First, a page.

Originally Posted by lawyerdad
Eh. Nothing you're saying is unreasonable, of course, and there's no "right" or "wrong" here. That said, what is "best" in this context? Do you measure that by some sort of power ranking driven by fantasy-type valuations of their rosters at the beginning of the season, adjusted or not for injuries? Or by some sort of strength-of-schedule weighted number crunching of their wins and losses and margins of victory and defeat over the course of the season? Some of it comes down to how we each watch sports and root for our teams, obviously. If my team is the odds-on favorite to win it all and fucks the duck, I'm not going to be happy. If they have a huge upside surprise, I will. And one could argue that running the table when everyone thinks you're an "inferior" team should count heavily in the "best" analysis, at least assuming you value whatever "intangibles" enable a team to do that.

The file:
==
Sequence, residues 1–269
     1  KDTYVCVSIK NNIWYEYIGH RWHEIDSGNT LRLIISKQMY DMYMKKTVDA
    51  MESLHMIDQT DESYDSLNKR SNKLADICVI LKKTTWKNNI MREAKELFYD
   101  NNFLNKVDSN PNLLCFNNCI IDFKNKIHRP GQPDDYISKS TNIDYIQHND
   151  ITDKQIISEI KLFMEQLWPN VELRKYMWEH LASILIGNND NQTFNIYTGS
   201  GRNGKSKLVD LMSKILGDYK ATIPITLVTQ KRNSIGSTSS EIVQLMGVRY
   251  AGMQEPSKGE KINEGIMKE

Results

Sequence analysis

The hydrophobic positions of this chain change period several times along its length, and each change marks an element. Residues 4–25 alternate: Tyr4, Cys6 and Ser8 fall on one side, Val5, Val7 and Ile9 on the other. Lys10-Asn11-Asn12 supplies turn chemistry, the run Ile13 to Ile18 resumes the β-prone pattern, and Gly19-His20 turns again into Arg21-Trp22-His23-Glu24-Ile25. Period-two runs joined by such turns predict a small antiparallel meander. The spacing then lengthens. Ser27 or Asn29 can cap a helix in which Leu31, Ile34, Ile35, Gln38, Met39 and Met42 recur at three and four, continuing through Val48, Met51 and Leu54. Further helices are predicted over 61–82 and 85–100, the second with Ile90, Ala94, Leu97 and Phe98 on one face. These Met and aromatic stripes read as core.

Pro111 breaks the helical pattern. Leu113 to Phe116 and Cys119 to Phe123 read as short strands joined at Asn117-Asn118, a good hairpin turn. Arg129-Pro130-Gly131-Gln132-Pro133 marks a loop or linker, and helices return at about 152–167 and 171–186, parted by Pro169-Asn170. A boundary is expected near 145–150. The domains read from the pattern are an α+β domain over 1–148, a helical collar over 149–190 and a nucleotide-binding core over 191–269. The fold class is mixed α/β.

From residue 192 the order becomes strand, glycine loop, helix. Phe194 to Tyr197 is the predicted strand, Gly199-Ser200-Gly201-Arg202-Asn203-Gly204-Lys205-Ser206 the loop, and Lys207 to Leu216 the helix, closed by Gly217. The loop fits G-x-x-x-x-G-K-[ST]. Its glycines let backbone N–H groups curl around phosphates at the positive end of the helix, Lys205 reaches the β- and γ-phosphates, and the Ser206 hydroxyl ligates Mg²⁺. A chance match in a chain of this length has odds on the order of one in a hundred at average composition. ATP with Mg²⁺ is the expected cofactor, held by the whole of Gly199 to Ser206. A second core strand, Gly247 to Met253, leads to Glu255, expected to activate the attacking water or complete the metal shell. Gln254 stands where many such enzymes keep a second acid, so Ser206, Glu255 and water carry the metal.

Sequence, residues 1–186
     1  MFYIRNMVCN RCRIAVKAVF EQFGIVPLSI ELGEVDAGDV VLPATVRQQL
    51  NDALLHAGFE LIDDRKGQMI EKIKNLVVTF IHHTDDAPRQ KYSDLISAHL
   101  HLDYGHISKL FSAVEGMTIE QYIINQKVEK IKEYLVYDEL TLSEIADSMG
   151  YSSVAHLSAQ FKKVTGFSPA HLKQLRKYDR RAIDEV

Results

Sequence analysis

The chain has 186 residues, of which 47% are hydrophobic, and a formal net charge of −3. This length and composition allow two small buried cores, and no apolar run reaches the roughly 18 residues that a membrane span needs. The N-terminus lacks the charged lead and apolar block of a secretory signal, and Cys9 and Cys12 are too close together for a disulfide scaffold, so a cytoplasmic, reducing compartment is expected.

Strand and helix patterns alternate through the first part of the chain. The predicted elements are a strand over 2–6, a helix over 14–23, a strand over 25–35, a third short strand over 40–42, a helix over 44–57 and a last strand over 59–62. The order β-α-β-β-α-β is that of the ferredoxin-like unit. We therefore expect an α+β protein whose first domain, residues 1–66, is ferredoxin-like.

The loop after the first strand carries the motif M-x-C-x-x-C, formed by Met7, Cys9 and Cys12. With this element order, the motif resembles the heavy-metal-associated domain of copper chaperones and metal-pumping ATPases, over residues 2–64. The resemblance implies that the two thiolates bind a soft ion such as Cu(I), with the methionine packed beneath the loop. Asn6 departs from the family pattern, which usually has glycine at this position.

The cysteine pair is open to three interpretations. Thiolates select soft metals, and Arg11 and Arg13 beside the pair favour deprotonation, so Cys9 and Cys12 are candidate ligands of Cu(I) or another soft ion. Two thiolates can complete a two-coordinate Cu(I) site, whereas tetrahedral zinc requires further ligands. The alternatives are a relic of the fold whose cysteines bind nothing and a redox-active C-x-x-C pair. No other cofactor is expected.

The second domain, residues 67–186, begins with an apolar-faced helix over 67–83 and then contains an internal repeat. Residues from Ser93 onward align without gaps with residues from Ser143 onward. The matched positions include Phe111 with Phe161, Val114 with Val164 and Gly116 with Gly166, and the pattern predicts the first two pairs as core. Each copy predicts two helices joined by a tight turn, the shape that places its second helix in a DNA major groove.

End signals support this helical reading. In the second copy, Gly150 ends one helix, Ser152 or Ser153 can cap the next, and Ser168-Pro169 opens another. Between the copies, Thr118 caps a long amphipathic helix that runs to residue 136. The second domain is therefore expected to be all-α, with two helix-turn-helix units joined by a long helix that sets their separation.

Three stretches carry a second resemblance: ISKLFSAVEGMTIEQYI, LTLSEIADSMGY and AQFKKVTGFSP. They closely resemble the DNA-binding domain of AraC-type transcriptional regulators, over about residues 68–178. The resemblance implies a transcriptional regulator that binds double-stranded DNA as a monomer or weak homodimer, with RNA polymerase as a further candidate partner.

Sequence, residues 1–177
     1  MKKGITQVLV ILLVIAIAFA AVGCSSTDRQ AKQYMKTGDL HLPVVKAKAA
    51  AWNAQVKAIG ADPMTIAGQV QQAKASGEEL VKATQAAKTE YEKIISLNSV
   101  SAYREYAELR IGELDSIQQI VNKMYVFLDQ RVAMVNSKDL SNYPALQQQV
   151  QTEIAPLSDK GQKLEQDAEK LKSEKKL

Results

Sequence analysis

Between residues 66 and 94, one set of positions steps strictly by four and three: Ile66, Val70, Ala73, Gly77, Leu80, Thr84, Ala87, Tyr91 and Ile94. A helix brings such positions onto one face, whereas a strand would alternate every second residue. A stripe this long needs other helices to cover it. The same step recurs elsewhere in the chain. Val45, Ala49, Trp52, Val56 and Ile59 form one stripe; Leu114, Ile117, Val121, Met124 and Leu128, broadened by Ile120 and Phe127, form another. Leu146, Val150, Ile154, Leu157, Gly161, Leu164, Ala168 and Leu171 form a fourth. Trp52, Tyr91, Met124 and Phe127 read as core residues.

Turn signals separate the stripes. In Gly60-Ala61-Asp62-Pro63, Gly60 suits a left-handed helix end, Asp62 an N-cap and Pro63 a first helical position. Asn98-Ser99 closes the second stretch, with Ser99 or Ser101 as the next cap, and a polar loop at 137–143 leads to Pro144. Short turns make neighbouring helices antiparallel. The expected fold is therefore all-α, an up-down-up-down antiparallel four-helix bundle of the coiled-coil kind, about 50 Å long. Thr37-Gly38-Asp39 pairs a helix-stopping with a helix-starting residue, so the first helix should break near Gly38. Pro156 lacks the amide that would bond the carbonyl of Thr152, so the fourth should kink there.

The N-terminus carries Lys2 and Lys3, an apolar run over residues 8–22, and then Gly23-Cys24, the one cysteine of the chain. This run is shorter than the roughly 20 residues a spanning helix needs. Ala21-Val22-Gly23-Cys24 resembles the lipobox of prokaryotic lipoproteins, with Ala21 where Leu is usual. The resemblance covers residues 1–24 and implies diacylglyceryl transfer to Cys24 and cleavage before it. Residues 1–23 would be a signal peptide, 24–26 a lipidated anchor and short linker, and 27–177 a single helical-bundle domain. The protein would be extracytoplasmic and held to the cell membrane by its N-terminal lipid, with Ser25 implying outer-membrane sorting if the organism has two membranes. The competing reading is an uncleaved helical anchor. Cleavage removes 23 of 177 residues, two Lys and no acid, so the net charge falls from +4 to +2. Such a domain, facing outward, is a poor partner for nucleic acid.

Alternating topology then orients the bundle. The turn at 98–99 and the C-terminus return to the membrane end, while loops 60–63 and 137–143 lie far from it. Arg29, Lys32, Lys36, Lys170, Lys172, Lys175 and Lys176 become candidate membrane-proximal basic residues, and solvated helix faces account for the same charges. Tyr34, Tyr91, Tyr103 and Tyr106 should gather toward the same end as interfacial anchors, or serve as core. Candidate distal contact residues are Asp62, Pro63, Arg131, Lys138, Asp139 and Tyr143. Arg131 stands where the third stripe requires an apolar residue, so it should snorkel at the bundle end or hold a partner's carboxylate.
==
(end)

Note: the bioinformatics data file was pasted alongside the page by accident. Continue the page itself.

I generally look at a mix of record and margin of victory. A few websites have ratings that track along those lines. Things like strength of schedule matter a bit in close cases and head to head can have a bit of value. I'll admit it's an inexact science, at least the way I look at it (I tend to use record / margin of victory) but might make an adjustment for weak SoS. Postseason matters to an extent (as any additional game provides new information), but I don't weight it more heavily than regular season. I tend to think there are great teams that underperform in the playoffs and lesser teams that can sometimes outperform.
I'd also rather have upside surprise than see my team lay an egg as a heavy favorite. I think as fans we get more satisfaction from winning, but when you like to play with numbers and analyze things, the "best team" question becomes a pretty interesting one.